President Obama's push to raise the minimum wage is a recipe for fewer jobs, says Edward Morrissey in The Fiscal Times. "It's true that minimum-wage earners don't get a lot of money," but that's because they're usually young people in entry-level positions earning starting wages. Raising the federal minimum wage from $7.25 to $9 an hour, as Obama proposes, does nothing to make these workers "more valuable on the job market." Instead, it puts small businesses in an unacceptable bind that helps no one. To cover the higher costs of staffing entry-level jobs, they'd either have to raise prices, which is bad for consumers, or cut back on new hires, giving fewer younger workers "a good chance to earn their stripes." A higher minimum wage makes sense to restore the balance of a booming economy, say Jens Laurson and George Pieler in Forbes, but in a struggling economy — when higher hiring costs kill jobs — that equilibrium point "is always lower."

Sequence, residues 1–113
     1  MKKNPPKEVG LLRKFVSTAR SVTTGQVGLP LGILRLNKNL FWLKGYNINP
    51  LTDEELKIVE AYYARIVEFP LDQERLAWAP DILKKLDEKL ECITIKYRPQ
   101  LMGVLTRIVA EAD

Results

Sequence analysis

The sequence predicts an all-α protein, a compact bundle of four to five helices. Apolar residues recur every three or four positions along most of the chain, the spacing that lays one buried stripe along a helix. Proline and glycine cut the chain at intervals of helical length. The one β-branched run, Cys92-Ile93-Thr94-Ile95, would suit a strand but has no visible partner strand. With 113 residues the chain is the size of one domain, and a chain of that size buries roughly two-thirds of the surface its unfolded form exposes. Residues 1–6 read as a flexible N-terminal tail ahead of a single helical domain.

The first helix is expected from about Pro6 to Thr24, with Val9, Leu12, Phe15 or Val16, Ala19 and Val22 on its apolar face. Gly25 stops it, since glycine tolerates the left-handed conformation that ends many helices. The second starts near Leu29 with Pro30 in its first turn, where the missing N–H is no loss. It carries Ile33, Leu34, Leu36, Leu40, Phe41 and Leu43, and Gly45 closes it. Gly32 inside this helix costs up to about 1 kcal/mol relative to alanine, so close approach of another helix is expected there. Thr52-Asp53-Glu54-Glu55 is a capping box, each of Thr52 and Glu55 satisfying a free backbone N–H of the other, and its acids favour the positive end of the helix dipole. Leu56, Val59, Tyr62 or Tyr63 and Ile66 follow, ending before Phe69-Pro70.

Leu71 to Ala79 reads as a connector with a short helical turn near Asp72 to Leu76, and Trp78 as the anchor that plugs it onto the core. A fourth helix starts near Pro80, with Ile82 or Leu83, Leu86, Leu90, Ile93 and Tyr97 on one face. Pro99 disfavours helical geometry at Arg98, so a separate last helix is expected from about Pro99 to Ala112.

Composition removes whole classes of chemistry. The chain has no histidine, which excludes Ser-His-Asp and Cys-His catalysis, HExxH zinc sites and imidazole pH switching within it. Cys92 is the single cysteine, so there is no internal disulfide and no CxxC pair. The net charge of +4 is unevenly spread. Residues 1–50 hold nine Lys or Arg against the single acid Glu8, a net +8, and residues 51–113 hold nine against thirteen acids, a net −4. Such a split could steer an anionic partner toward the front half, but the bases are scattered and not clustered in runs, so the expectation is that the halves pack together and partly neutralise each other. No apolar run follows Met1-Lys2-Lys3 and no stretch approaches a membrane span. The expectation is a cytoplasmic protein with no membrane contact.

Let's look at some facts, says John Cassidy at The New Yorker. The minimum wage isn't just for "high school kids working at McDonald's on weekends for beer money." A study published last summer found that nearly nine of 10 workers who would benefit from an increased minimum wage were at least 20 years old. More than half of them worked full time, over a third were married, and more than a quarter were parents. Let's remember that in inflation-adjusted terms, today's minimum wage is "$3.30 less than it was in 1968." And the data simply don't reveal a significant link between minimum wage and the unemployment rate. "Faced with a rise in their wage bills, some employers may choose to employ fewer workers." But that doesn't happen nearly as often as many "neoclassical economists" would have you believe.
It's natural for businesses to want to minimize their labor costs, says Daniel Gross at The Daily Beast. And "there's no doubt that a higher minimum wage would create an immediate drag on earnings and create pressures for higher prices." But there's a flip side that makes a higher minimum wage attractive to businesses, too. Many low-paying American companies, such as Walmart and McDonald's, "make a good chunk of their money peddling goods and services to those on the lower rungs of the income ladder." Since low-income workers tend to spend more of what they make, a higher minimum wage would put more purchasing power in the pockets of these companies' customers. "Wages don't trickle down. They trickle up."
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